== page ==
The differences between how business logic works in Oracle Forms and how similar functionality works in an Oracle Application Express application is explained in the following section.
Parent topic: Understanding Oracle Forms Modules
Within Oracle Forms applications, business logic is often interspersed with Oracle Forms user interface functionality. The Oracle Forms user interface functionality used to manipulate the screen (for example,
set_item_property and so on) are often not appropriate within Oracle Application Express due to the inherent differences in the user interface.
Business logic can be found in Oracle Forms triggers and program units, or in PL/SQL libraries. The business logic can be written directly into the objects as SQL or PL/SQL. This code may in turn call database packages, procedures, or functions. The underlying tables may also have database triggers defined which implement business logic.
Because database triggers operate on the underlying tables regardless of the user interface, they do not need to be altered when converting an application to Oracle Application Express. You can call database packages, procedures, or functions from Oracle Application Express because it also uses SQL and PL/SQL. These database objects do not need to be altered when used within the Oracle Application Express development environment.
To re-implement the business logic defined within Oracle Forms you must analyze the triggers, program units, and PL/SQL libraries and manually write corresponding logic within Oracle Application Express.
Oracle Application Express uses processes, computations, and validations to implement such business logic. Before creating the initial application task of re-implementing business logic, it is important to understand how and when to invoke the various types of processes, computations, and validations. It is also important to understand how conditional processing can be applied to these types of components to customize the circumstances under which they execute.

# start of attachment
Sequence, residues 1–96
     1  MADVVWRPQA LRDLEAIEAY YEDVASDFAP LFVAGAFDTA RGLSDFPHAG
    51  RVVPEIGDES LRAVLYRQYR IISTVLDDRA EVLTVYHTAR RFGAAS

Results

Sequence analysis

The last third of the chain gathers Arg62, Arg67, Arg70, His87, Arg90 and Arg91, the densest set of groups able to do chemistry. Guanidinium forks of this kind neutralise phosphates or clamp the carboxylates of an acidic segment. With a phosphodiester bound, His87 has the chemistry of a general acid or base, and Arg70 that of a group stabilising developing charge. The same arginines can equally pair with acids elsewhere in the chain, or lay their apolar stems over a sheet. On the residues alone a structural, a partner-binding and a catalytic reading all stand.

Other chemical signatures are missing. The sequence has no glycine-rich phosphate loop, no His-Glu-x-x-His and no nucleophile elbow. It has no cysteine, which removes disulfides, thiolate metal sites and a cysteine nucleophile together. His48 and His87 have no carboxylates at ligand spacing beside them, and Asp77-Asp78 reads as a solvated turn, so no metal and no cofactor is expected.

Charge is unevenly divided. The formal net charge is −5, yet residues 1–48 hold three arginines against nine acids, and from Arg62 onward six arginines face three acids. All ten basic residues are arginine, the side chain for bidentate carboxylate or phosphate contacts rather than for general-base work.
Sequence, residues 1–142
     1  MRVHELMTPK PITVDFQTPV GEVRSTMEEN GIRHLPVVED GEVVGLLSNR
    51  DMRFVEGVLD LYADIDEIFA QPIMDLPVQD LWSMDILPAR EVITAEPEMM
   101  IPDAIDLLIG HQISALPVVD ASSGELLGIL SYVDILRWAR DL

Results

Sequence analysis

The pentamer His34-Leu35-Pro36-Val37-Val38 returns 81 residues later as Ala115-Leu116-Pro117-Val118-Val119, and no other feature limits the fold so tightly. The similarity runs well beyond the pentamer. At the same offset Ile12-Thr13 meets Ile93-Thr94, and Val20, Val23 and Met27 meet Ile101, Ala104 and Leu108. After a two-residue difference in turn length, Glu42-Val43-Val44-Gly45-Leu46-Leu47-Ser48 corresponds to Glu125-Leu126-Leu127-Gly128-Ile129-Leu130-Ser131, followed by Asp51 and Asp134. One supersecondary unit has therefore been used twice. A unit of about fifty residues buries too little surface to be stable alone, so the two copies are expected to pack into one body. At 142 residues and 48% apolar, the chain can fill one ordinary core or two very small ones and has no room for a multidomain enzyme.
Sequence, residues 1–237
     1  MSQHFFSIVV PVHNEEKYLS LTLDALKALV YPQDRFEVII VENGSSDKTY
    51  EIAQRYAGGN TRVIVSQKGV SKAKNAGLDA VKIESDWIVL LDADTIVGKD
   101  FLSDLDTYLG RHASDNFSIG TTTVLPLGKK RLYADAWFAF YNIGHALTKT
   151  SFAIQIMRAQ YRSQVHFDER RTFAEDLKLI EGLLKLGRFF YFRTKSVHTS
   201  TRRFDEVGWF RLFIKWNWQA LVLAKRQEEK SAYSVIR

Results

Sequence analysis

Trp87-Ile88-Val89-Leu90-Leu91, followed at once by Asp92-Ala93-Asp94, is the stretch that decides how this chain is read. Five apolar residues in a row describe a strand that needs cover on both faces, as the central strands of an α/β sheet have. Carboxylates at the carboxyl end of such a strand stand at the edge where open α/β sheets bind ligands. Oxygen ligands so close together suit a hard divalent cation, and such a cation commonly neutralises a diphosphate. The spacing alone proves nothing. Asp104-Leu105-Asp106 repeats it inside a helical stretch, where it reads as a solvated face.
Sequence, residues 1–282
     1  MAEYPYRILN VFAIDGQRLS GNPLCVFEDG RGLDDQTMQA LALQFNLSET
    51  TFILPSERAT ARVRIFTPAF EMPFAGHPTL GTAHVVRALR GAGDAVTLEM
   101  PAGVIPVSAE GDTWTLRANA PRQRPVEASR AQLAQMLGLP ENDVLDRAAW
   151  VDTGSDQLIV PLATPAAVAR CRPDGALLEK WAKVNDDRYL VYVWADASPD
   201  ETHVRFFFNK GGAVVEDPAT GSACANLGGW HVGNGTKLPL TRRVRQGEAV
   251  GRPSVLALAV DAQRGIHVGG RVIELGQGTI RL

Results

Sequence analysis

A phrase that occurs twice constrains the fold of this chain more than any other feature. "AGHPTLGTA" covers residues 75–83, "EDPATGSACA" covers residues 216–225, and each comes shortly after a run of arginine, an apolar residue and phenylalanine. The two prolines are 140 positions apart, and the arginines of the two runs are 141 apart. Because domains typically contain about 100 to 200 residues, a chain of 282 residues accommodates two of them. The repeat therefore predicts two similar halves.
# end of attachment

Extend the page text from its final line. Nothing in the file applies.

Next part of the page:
Processes are logic controls used to execute data manipulation language (DML) or PL/SQL. A process performs an action at a specified point during the rendering or submission of the page. For example, you can create a process to execute logic or to make a call to the Application Express engine. A process is a unit of logic that runs when a specific event occurs, such as loading or submitting a page.
Processes can be defined as either an application-level process or a page-level process. From a functional perspective, there is no difference between page-level and application-level processes. You can call application-level processes form any page within the application. Calling them On Demand is especially useful when you have PL/SQL logic that you would like to run from different execution points across multiple pages. Page-level processes can only be called from the page on which they are defined.
"Understanding Page Processes" in Oracle Application Express App Builder User’s Guide.
Computations are units of logic used to assign a value to an identified item when a page is submitted or displayed.
Computations can be defined as either an application-level computation or a page-level computation. Most application-level computations are performed for every page in an application. In contrast, computations created at the page-level only execute when that page is rendered or processed.
"Understanding Page Computations" in Oracle Application Express App Builder User’s Guide
"Understanding Application Computations" in Oracle Application Express App Builder User’s Guide
Validations enable you to create logic controls to verify whether user input is valid. For example, a validation can check whether a value has been entered into a mandatory field. When a validation fails then an error message displays and subsequent page processes and computations do not occur.
There are two distinct types of validations:
Item-level validations which are specific to a single item.
Page-level validations which do not apply to any single item, but apply to an entire page.
There are several validation methods:
SQL - Compares item values to data in the database.
PL/SQL - Enables you to enter complex logic to validate entered data.
Item Level Null - Checks if an item's value in session state is
Item String Comparison - Compares the value of an item to a specific string.
Regular Expression - Provides a method to describe text patterns.
"Understanding Validations" in Oracle Application Express App Builder User’s Guide